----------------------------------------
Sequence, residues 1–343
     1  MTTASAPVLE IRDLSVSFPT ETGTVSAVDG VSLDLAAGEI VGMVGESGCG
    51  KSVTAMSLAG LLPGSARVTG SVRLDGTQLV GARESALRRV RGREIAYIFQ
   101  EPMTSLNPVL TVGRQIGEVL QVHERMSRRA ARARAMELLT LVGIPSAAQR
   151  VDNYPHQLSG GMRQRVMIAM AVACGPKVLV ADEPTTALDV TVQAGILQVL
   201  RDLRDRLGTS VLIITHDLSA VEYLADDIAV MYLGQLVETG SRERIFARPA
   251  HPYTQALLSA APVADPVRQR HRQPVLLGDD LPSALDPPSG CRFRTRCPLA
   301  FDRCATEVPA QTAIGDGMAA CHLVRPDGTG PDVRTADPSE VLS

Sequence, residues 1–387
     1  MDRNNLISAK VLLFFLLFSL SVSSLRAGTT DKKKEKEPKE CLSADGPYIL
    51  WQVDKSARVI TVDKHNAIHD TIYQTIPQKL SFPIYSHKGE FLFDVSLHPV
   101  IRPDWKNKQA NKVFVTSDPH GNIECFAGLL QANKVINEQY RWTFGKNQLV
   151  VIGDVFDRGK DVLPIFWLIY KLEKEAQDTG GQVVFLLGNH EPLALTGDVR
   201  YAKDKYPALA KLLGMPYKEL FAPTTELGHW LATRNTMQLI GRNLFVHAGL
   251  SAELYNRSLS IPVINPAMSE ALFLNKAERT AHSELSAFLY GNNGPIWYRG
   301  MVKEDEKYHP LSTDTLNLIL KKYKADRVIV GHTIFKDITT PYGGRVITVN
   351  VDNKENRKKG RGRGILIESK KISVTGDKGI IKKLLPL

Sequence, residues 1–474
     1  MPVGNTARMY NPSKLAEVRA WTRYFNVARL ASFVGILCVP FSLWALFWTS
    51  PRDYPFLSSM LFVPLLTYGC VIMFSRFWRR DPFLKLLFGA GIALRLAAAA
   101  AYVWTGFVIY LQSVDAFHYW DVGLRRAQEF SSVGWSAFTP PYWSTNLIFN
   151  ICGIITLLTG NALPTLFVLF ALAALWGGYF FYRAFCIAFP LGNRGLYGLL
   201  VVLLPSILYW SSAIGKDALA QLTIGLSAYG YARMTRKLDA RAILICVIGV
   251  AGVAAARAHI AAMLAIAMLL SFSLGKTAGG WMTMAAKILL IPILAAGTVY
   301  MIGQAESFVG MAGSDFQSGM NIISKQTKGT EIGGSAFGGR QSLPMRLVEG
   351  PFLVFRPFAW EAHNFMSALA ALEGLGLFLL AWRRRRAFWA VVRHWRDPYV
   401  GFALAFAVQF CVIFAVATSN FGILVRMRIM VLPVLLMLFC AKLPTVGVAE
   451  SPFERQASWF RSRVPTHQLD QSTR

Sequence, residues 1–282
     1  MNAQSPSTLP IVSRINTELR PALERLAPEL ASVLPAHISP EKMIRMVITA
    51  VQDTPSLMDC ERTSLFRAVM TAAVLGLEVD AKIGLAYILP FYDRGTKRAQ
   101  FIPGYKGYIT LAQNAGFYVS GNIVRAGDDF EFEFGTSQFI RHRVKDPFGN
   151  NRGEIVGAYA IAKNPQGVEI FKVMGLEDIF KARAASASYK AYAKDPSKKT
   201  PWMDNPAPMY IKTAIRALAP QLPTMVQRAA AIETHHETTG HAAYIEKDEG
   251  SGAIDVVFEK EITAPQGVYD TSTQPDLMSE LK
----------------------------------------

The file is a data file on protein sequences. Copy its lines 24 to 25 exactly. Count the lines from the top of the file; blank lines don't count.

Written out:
   251  AGVAAARAHI AAMLAIAMLL SFSLGKTAGG WMTMAAKILL IPILAAGTVY
   301  MIGQAESFVG MAGSDFQSGM NIISKQTKGT EIGGSAFGGR QSLPMRLVEG